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Wentworth Woodhouse features in new report highlighting UK heritage bodies’ pioneering response to climate change


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The restoration, renovation and repair of Wentworth Woodhouse in Rotherham is featured in Heritage Responds, a new report released to coincide with the COP 26 Summit.

The report brings together the expertise of 26 of the country’s leading heritage organisations – including English Heritage, Historic England and the National Trust – ahead of COP26 in Glasgow to highlight examples of how through revolutionary research, carbon reduction and maximising the potential of the historic environment, the heritage sector is making a major contribution to the response to climate change.

Rob Woodside, Chair of the Historic Environment Forum’s COP26 Task Group and English Heritage Estates Director said: “Heritage organisations are pioneering the sector’s response to climate change. Ahead of COP26, we wanted to share our experience of our sustainable response to the greatest challenge of our time. The case studies we have highlighted show not only how heritage organisations are responding to the impact of climate change, but also how we can be part of the solution.

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“What Heritage Responds clearly demonstrates is the proactive work of so many organisations across the heritage sector to find solutions – leading on ground- breaking research, innovating on approaches to adaptation, harnessing the use of technology, retro-fitting historic buildings and reducing carbon emissions by retaining and reusing existing buildings. We are working across sectors to bring approaches to nature and culture closer together to help manage the green lungs in our cities and adapt to new environmental challenges. We’re also forging new skills to help maintain and adapt historic buildings. This isn’t about protecting the past but using heritage to find solutions for the future.”

Wentworth Woodhouse Preservation Trust (WWPT) took on the regeneration of the site to achieve positive environmental, economic and social impact in Rotherham and South Yorkshire.

Repairs are being carried out to the highest conservation standards to give the buildings a new 21st century purpose and a number of adaptations have been made to combat the effects of climate change and seek sustainable energy solutions:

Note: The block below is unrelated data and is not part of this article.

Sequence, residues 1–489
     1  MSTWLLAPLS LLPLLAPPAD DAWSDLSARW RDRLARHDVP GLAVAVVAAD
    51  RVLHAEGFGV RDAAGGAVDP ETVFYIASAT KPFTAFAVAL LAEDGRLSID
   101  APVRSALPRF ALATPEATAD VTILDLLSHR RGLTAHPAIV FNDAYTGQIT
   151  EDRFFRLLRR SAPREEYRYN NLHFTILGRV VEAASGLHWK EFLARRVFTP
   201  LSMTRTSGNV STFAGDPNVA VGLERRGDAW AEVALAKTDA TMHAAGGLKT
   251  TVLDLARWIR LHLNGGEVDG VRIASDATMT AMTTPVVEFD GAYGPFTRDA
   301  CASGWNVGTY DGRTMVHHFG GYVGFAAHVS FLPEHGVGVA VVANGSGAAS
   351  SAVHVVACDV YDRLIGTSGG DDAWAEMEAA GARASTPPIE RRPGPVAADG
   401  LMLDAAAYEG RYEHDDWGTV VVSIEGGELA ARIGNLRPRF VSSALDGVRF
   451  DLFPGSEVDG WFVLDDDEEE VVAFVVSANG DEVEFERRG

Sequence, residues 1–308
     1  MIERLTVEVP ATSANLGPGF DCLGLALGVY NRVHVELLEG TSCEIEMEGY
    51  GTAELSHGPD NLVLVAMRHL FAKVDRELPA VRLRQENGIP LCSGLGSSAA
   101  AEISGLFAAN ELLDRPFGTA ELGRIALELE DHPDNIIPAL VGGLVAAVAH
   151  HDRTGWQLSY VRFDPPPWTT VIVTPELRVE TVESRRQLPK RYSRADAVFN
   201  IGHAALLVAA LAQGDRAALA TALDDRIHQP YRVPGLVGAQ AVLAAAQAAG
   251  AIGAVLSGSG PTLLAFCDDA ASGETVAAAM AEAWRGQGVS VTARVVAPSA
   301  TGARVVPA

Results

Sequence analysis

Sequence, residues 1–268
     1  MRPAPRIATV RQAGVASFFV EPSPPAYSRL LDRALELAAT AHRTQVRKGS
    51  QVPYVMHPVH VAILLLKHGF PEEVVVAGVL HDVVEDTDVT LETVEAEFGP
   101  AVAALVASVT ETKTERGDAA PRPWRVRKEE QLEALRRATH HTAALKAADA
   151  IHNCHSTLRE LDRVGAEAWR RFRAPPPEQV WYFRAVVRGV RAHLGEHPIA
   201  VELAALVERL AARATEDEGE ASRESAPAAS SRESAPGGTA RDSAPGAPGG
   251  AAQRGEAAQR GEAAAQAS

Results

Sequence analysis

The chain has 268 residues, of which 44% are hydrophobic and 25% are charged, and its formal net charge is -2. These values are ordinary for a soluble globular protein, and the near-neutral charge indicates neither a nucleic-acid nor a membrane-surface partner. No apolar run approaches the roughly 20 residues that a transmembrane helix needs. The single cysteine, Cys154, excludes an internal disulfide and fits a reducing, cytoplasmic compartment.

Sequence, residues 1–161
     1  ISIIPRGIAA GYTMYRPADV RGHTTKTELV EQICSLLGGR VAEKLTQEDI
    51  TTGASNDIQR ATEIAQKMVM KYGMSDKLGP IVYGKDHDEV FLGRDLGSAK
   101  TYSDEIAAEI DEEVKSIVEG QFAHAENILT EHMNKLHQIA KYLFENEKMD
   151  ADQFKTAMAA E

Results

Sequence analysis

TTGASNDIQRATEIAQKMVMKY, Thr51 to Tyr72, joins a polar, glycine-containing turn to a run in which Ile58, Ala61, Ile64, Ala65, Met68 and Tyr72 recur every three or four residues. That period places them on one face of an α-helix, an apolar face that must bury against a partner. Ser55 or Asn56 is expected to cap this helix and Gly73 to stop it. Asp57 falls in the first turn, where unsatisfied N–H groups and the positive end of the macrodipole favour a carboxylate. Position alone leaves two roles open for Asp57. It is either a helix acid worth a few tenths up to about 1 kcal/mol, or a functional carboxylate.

• Original slates from the roof have been recycled and reused where appropriate, those that can no longer be used for roofing have been repurposed .
  • Breathable insulation has been installed in the roofs to reduce carbon emissions while maintaining a traditional breathable construction.
  • A re-design of the roof layout to cope with climate change has been critical – large reservoirs have been introduced to catch rainfall and manage water flow to the hoppers so that water is captured.
  • Enabling works have been carried out so that a ground source heat pump system can be introduced to the mansion as soon as funding is sourced. Renewable ground source heating systems are also planned for the Stables and Camellia House. The first is expected to be commissioned in 2022.
  • Rainwater harvesting tanks have been included in the new design.
  • Biodiversity on the site is being tracked and measured.
  • Heritage Skills training has taken place throughout the programme and is continuing. 
  • Of the 49 new jobs created on site since the Trust took ownership, 93% live within the local area and 95% of the capital expenditure to date has been with local companies within a 35- mile radius of Wentworth

Historic England’s Chief Executive, Duncan Wilson said: “These case studies illustrate that the historic environment is a powerful catalyst for tackling the dual challenges of climate change – the need to deliver the transition to net zero and to adapt to a new climate.  Our heritage is threatened by a changing climate with increasingly warmer, wetter winters, hotter, drier summers and rising sea levels.  This report highlights inspiring solutions to help communities protect our historic places from these threats and drive down carbon emissions.”

Images: WWPT

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Tom Austen
Tom grew up in Aston, Rotherham and studied Human Geography at Nottingham Trent University before developing a passion for promoting Rotherham and a nose for a good story.


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